“Women are not small men” Tackling underrepresentation of women in HIV clinical studies
For National Women and Girls HIV/AIDS Awareness Day in the USA, Sprout Health Solutions wants to take this opportunity to bring attention to one of the health inequalities affecting women around the world – underrepresentation in clinical studies. In this blog, we look at the barriers to recruitment, enrolment, and retention of women in HIV treatment and prevention trials and explore ways that these barriers are being addressed.
Women and girls with HIV
Women and girls account for 51% of people living with HIV globally.1 Yet women have been underrepresented in clinical studies including trials of antiretroviral treatment (19% women), vaccine (38% women) and cure (11% women).2
The serious consequences of underrepresentation of women
Clinical trials are fundamental for evaluating the efficacy and safety of new drugs and interventions. There can be sex differences in how HIV drugs are absorbed in the body (pharmacokinetics), and in the response to the drug (pharmacodynamics).3 It is important to understand what these differences are and whether they result in variances in the safety or effectiveness of treatment.
Using behavioral science to understand and tackle underrepresentation
There are many reasons for the underrepresentation of women in HIV clinical studies. We looked to the literature to identify barriers to the enrolment and retention of women in clinical studies. We used the Capability, Opportunity, Motivation and Behavior (COM-B)5 theoretical model to categorize these and identify strategies to address them.
Strategies to address barriers
Attitudes to female participants are changing
Attitudes and behaviors concerning the involvement of women in clinical studies are changing. In the past, women were often excluded because of concerns about fluctuating hormones and pregnancy, and it was widely believed that women would have the same response to drugs as men.3 In the 1990s, the FDA implemented a series of guidance documents, lifting a ban on women of child-rearing potential from taking part in early phase research.3 The FDA also recommended that clinical studies should be representative of the population who would eventually be prescribed the drug; and stated that new drug applications should present safety and efficacy data for relevant subgroups including sex, race and age.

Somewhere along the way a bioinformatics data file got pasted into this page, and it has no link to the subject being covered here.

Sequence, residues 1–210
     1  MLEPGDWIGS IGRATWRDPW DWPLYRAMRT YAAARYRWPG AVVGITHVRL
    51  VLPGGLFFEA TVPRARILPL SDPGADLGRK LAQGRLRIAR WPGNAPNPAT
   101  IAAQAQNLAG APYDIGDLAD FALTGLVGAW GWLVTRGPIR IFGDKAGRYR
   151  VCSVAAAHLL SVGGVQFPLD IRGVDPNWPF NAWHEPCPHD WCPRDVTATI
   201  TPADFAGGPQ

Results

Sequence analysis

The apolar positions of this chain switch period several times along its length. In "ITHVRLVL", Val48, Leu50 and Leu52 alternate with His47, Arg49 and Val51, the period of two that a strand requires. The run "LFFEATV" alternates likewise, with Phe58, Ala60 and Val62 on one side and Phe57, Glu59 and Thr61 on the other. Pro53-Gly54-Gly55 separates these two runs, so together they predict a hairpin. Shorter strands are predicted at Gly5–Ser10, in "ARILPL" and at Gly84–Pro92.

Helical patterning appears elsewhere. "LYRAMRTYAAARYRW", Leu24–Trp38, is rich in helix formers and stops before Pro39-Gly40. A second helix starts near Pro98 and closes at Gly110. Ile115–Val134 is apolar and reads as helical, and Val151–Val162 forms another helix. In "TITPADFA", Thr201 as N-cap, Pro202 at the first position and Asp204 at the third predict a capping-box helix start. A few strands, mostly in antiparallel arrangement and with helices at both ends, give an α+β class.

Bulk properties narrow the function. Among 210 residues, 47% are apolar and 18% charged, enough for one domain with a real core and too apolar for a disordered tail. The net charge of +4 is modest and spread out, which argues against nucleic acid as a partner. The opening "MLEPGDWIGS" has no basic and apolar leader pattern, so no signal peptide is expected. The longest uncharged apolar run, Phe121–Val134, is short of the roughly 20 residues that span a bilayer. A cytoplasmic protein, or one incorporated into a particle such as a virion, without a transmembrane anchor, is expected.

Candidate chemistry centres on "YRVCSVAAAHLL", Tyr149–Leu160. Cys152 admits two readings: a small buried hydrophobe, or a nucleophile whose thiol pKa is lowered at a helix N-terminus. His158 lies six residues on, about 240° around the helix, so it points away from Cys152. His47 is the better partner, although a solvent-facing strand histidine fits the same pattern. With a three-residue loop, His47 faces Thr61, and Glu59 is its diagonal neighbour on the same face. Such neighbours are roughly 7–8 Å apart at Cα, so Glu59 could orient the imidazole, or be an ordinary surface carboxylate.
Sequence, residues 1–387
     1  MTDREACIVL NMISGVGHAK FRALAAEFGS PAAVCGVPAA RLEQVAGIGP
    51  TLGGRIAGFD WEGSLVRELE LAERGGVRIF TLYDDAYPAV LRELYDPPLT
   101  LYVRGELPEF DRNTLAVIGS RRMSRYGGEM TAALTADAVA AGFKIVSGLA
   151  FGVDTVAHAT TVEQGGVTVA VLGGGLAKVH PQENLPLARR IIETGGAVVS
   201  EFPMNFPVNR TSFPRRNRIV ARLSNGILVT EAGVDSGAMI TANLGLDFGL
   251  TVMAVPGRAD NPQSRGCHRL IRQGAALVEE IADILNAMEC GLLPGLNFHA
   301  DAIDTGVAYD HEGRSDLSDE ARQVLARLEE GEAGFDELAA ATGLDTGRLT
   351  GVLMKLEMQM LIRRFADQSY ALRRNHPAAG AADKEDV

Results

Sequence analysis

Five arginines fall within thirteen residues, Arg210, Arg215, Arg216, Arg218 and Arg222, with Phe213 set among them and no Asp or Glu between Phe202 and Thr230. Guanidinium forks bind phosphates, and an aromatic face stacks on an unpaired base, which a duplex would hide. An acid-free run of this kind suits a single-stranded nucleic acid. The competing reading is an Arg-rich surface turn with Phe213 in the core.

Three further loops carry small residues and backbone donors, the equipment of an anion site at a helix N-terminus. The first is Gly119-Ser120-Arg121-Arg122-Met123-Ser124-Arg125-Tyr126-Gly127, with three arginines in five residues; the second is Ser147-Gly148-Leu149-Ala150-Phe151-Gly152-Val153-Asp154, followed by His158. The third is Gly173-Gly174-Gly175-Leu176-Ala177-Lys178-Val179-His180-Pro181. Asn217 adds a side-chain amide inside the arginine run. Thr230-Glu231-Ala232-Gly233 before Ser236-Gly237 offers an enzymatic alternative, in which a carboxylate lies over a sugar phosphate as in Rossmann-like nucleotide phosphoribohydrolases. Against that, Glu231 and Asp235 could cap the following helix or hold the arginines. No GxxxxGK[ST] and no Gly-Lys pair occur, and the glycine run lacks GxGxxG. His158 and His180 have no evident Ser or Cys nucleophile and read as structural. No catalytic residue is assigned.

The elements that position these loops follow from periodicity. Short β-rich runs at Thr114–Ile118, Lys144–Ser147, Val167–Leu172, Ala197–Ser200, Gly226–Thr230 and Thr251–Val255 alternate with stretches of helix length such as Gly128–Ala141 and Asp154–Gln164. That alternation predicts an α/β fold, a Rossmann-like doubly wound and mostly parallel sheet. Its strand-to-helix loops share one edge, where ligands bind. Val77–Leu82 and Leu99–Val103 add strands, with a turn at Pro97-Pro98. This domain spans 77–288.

Efforts to improve representation of women in HIV clinical trials
Efforts to increase representation of women living with HIV in clinical studies have included many of the strategies outlined above, including targeted recruitment from HIV clinics where more women receive care, partnering with community organizations in the design and conduct of trials, addressing women’s concerns about clinical research and making it easier for them to participate.9 Using digital technology to enhance recruitment, engagement and retention along with data collection and analytics may also help some women to complete study visits and tasks.
Representation of women in HIV clinical studies is improving, but efforts to keep the dialogue in the public eye and maintain the momentum will be key to achieve equitable access to clinical studies. Ensuring that clinical studies are designed to recruit and retain a specific number of women will provide data of the effects of treatment in women and facilitate comparisons by sex. The meaningful involvement of women living with HIV in the design and implementation of research and the use of behavior science to identify and address barriers to participation will also help enhance recruitment and retention.
World Health Organization https://www.who.int/gho/hiv/epidemic_status/cases_adults_women_children_text/en/. Accessed 10. March, 2021.
Curno MJ, Rossi S, Hodges-Mameletzis I, Johnston R, Price MA, Heidari S. A Systematic Review of the Inclusion (or Exclusion) of Women in HIV Research: From Clinical Studies of Antiretrovirals and Vaccines to Cure Strategies. J Acquir Immune Defic Syndr. 2016;71(2):181-188.
Liu KA, Mager NA. Women’s involvement in clinical trials: historical perspective and future implications. Pharm Pract (Granada). 2016;14(1):708.
Sengupta S, Strauss RP, Miles MS, Roman-Isler M, Banks B, Corbie-Smith G. A conceptual model exploring the relationship between HIV stigma and implementing HIV clinical trials in rural communities of North Carolina. N C Med J. 2010;71(2):113-122.
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Inan OT, Tenaerts, P., Prindiville, S.A. et al. Digitizing clinical trials. npj Digit Med. 2020;3.
Stone VE, Mauch MY, Steger KA. Provider attitudes regarding participation of women and persons of color in AIDS clinical trials. J Acquir Immune Defic Syndr Hum Retrovirol. 1998;19(3):245-253.
Falcon R, Bridge DA, Currier J, et al. Recruitment and retention of diverse populations in antiretroviral clinical trials: practical applications from the gender, race and clinical experience study. J Womens Health (Larchmt). 2011;20(7):1043-1050.
Pahus L, Suehs CM, Halimi L, et al. Patient distrust in pharmaceutical companies: an explanation for women under-representation in respiratory clinical trials? BMC Med Ethics. 2020;21(1):72.
Scharff DP, , Matthews, K. J., Jackson, P. et al. More than Tuskegee: Understanding mistrust about research participation. J Health Care Poor Underserved. 2010;21:879-897.
Sullivan PS, Khosropour CM, Luisi N, et al. Bias in online recruitment and retention of racial and ethnic minority men who have sex with men. J Med Internet Res. 2011;13(2):e38.
Clark LT, Watkins L, Pina IL, et al. Increasing Diversity in Clinical Trials: Overcoming Critical Barriers. Curr Probl Cardiol. 2019;44(5):148-172.
Barnett J, Aguilar S, Brittner M, Bonuck K. Recruiting and retaining low-income, multi-ethnic women into randomized controlled trials: successful strategies and staffing. Contemp Clin Trials. 2012;33(5):925-932.